D&D 3.5 – The Fighter

The Dungeons and Dragons 3.5 Barbarian

So, it is time for you to unleash your inner rage and become a barbarian? That is a good choice – specifically for beginners – as the barbarian offers strong melee powers. As for optimization, the Barbarian falls short to the casters, but performs very solid within his own tier (he is considered a tier4 character class).

If you are in for a roleplaying experience, I highly recommend the barbarian. It is a straight forward “kick in the door” type of character class with the charm of a physically strong and highly emotional, dedicated warrior type. If you loved Conan, the Barbarian is for you.

Reading is for nerds, diplomacy is overrated, instead lets use the two-handed sword and a good portion of intimidation. Let’s have a look at this great class (and find out how to make the apperantly one dimensional barbarian multi-dimensional).

The barbarian by the rules (the class):

Let us have a brief outlook about the cleric and his main class features:

dnd-3-5-barbarian

The good:

  • Hit Dice:  D12
  • Strong Saves: Fortitude
  • Base Attack Bonus: +1 per level
  • Profiencies: Medium Armor, Shields, Weapons
  • Special: Rage, Uncanny Dodge, Dmg Reduction

The bad:

  • Weak Saves: Reflex, Willpower
  • Skills: 2 + int
  • Options: Lack of flexibility
  • Spells: none

Roles within the Party:

  • Primary Melee: The barbarian excells at melee range, most of the builds of the Barbarian use his sheer power-spike when he rages and strongly rely on Strength as their main tool to overcome foes. Most popular amongst these builds are heavy usage of Two-handed weapons as well as feats that translate the high Strength score into damage (i.e. power attack or various feats that allow you to gain better ratios on BAB for damage conversion).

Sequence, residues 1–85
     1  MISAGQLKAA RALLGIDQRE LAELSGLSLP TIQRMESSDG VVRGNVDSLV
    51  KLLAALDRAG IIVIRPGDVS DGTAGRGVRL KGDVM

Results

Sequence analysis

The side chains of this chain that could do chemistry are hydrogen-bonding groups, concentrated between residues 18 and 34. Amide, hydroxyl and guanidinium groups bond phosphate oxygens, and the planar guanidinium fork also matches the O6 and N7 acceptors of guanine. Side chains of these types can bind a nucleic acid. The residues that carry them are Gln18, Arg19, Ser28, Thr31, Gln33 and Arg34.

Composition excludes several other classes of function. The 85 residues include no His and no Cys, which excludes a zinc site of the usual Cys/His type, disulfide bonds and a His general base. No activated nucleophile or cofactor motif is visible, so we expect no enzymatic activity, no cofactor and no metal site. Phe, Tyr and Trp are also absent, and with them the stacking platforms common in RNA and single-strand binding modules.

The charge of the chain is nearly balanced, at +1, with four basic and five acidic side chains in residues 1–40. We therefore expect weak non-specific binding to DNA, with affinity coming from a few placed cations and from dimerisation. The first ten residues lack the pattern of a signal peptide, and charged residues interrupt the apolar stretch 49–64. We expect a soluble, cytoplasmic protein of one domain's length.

• Alternative Melee: Two-Weapon fighting is also not unknown, specifically with alternative Rage featues that grant additional DEX instead of CON when raging, it is subpar from the pure damage perspective and suffers against damage reduction, but its both flavorful and can work with crit-fishing builds or multiclassing into sneak/position damage.

  • Primary Ranged: There are two different general methods of how to make this architype work. The one route is the brutal throw feat and stacking of STR in order to use this as a single attack stat for ranged damage (can be for example used with javelins or with even larger objects as a hulking hurler [stonethrower]). The other option is to use a modified bow with a high DEX score as well. The increased number of feats required will probably force you into a multi-classing tho.


Recommended Books to start with the barbarian:

Hint: Despite the fact that the third edition books are not longer printed, hard-cover versions are still available via second hand purchases. I highly recommend them if you like Pen and Paper Sessions.

You might want to check out a hard-copy of the well structured CORE books of Dungeons and Dragons 3.5.

  • The Player’s Handbook (in case you do not have it yet)
  • Complete Warrior (for many additional prestige-class options)
  • Complete Champion (a further good reference with many useful feats for martial characters)
  • Complete Scoundrel (great resource for martial characters, which want to include nimbleness and mix up with rogue architypes)
  • Tome of Battle (great buff for every melee class with fantastic material in it)
  • Magic of Incarnum (although the title might suggest otherwise, this book includes some of the best additions for martial characters, I highly recommend it)
  • Book of Exalted Deeds and Book of Vile Darkness (Good thematical additions to every character if you want to play in a “good” vs. “evil” setting)
  • Unearthed Arcana (again a misleading title, this book offers great additional rules for alternative settings. It adds quiet a lot for martial characters)

Role-playing a Barbarian (its tougher than it looks):


Optimizing the Barbarian:

The cleric class leaves a large room for optimization, as there are endless options. It is a great example of an “easy to get into, but hard to master” class. The best two resources, which I can recommend are:

Useful Links for the D&D 3.5 Barbarian:

As for many other classes, there is alot additional material out there, depending on the sort of Barbarian you want to play. A couple of useful sources that I used when creating my barbarian were:

Useful additional equipment / expansion material for DnD: